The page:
A group of researchers from the Swiss ETH Zurich university has discovered a vulnerability that allowed them to bypass PIN codes on contactless cards from Mastercard and Maestro.
Technically the researchers performed a Man-in-the-Middle (MitM) attack between a stolen card and the merchant’s Point-of-Sale (PoS) terminal.
In a real attack scenario, crooks could use a victim’s contactless card to make expensive purchases without knowing the card’s PIN.
“Concretely, the attacker fools the terminal into believing that the card being used is a Visa card and then applies the recent PIN bypass attack that we reported on Visa.” state the researchers. “We have built an Android application and successfully used it to carry out this attack for transactions with both Mastercard debit and credit cards, including a transaction for over 400 USD with a Maestro debit card. Finally, we extend our formal model of the EMV contactless protocol to machine-check fixes to the issues found.”
The attack was implemented using two Android smartphones (supporting NFC and running Android 4.4 KitKat or later) that were connected through a relay channel built using TCP/IP serverclient communication over WiFi. One phone runs an app in POS Emulator mode and the other phone runs the app developed by the researchers in Card Emulator mode. The device running in Card Emulator mode must support Android’s host-based card emulation so that the phone can launch the NFC payment service implemented by our app. The man-in-the-middle functionality runs on the POS Emulator device while the Card Emulator acts as the proxy for the relay channel.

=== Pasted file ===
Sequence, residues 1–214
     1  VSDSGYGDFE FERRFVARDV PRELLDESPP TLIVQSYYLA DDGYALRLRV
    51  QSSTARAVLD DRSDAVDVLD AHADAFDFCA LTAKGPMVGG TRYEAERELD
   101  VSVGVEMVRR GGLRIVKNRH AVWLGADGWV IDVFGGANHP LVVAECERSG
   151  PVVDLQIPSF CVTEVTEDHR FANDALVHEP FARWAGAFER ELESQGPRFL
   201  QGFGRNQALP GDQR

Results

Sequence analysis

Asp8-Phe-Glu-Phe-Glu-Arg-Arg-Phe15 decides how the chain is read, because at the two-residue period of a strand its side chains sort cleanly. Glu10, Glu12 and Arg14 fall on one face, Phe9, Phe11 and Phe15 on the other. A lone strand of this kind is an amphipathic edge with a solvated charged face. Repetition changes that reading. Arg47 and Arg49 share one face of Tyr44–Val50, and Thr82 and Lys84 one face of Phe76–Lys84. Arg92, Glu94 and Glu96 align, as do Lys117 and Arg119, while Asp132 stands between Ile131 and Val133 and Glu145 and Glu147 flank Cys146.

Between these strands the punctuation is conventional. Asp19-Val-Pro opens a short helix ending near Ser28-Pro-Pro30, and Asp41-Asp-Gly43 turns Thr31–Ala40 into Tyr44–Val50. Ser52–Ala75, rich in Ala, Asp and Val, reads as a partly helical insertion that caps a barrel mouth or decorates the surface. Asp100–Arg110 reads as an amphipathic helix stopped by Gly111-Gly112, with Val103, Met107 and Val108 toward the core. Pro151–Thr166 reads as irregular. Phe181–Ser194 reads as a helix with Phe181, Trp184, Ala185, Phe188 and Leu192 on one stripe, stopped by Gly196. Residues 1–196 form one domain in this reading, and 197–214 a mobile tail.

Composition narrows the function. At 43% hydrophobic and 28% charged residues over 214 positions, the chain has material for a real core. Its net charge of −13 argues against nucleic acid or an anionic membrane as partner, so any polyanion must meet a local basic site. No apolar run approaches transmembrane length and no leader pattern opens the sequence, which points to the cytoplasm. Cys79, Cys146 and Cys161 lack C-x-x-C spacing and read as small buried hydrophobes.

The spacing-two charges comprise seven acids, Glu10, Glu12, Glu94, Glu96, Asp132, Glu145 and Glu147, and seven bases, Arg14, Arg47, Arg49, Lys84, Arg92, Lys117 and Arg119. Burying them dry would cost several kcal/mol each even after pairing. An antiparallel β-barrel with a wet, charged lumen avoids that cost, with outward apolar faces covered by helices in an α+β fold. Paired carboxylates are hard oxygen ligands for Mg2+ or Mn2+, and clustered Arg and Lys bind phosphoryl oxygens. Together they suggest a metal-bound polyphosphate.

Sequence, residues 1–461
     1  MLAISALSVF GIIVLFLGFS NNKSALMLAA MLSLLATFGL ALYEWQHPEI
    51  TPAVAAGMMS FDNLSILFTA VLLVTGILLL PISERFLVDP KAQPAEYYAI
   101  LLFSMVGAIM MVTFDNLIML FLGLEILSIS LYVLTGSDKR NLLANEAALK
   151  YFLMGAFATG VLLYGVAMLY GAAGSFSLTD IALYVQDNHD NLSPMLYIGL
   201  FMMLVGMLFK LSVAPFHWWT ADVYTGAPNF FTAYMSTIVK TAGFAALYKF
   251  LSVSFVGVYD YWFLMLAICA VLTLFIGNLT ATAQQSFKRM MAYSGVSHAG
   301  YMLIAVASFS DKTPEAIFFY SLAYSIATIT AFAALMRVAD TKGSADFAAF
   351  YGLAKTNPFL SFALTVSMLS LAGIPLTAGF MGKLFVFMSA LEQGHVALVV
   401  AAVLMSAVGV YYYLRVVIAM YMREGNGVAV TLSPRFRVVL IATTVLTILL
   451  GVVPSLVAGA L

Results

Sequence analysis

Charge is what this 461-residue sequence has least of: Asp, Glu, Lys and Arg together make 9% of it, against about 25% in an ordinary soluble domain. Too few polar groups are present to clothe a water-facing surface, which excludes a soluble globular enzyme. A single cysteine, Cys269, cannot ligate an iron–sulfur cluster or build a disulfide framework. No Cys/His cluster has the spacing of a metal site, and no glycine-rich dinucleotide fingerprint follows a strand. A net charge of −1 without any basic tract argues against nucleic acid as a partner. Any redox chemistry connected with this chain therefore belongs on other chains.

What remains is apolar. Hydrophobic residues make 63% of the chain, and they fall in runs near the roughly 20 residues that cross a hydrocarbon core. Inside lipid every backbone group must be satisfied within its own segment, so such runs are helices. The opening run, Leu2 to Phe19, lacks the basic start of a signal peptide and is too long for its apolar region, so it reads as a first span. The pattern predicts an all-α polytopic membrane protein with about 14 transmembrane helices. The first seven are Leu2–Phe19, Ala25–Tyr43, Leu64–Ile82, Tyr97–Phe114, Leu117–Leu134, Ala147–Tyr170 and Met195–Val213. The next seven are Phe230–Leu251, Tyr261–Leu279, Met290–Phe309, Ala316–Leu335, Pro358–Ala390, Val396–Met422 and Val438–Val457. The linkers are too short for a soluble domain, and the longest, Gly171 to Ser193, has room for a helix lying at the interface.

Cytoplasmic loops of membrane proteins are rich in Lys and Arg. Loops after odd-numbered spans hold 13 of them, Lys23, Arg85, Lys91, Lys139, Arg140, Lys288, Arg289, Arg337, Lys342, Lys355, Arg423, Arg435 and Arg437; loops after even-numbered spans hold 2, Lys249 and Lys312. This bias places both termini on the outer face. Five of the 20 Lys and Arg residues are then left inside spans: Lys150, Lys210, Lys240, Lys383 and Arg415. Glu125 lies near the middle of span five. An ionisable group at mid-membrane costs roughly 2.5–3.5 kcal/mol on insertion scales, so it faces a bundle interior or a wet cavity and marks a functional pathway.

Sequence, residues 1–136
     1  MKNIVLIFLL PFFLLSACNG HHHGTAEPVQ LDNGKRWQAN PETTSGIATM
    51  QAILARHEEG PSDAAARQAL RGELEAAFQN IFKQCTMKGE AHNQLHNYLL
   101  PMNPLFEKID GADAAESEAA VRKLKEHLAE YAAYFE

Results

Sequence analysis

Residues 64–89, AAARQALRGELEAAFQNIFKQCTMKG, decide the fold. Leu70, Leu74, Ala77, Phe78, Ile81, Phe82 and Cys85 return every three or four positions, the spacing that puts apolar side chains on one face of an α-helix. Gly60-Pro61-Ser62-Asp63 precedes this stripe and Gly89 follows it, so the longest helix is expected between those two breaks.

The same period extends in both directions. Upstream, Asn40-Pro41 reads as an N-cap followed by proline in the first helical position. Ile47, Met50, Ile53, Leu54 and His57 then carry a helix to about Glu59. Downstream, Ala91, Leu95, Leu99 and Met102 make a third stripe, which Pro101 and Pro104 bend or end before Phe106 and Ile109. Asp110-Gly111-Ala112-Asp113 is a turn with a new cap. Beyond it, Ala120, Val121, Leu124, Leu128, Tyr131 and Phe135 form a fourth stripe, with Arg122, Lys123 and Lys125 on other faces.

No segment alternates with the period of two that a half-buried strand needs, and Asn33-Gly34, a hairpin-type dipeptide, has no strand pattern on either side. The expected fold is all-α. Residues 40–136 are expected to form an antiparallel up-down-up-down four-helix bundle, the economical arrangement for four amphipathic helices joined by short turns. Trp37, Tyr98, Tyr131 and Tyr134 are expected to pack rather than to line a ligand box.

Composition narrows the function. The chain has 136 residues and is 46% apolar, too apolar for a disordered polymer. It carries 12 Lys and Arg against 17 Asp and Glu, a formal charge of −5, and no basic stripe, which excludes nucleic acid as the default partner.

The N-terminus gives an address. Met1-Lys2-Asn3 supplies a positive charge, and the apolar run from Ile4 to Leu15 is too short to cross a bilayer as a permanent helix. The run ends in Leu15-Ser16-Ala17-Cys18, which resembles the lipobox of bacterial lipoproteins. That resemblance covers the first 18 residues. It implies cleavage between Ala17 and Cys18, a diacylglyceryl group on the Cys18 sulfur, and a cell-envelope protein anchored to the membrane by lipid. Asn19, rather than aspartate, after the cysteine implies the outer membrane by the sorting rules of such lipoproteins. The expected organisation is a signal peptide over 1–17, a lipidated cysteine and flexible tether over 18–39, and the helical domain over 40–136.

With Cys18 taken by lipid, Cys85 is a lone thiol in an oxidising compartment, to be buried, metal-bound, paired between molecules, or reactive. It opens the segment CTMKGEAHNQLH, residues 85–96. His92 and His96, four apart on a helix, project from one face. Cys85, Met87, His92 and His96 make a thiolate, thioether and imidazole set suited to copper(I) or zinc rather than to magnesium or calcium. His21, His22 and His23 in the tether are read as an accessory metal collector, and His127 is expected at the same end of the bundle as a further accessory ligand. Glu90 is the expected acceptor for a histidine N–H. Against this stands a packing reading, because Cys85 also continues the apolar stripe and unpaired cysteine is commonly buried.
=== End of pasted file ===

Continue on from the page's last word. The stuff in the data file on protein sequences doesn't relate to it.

The attack scenario is simple, the attackers place PoS emulator device near the card in order to trick the card into initiating a transaction and capture the transaction details, while the card emulator is used by crooks to feed modified transaction details to a real-life PoS terminal inside a store.
The same team of researchers last year devised a method to bypass PINs on Visa contactless payments and used this technique as part of this new attack, it was used to fools the terminal into believing that the card being used is a Visa instead of a Maestro.
The researchers successfully tested the attack against Visa Credit, Visa Debit, Visa Electron, and V Pay cards complete transactions of an amount above the PIN requirement limit for Swiss banks.
Below is one of the slides prepared by the researchers to show the PIN bypass attack:
The PoS operator of the store could not detect the attack, from his perspective the customer is paying with his mobile payments app. In reality, the crook is using modified transaction details obtained from a stolen card.
Unlike the attack against VISA cards, the new PIN bypass attack tricks the PoS terminal into thinking that the incoming transaction comes from a Visa card instead of Mastercard/Maestro, the boffins modified the card’s legitimate Application Identifier (AID) with Visa’s AID: A0000000031010 to achieve this result.
Then experts used the 2020 Visa attack to make the payment without providing a PIN.
The researchers published a video PoC of the attack:
The researchers successfully tested this attack with Mastercard Credit and Maestro cards, but failed to execute the attack to pay with a Mastercard card in a Discover and a UnionPay transaction, as these two kernels are similar to the Visa kernel.
The happy ending is that Mastercard already addressed the issue early this year, but Visa has yet to fix the PIN bypass bug.
(SecurityAffairs – hacking, PIN bypass)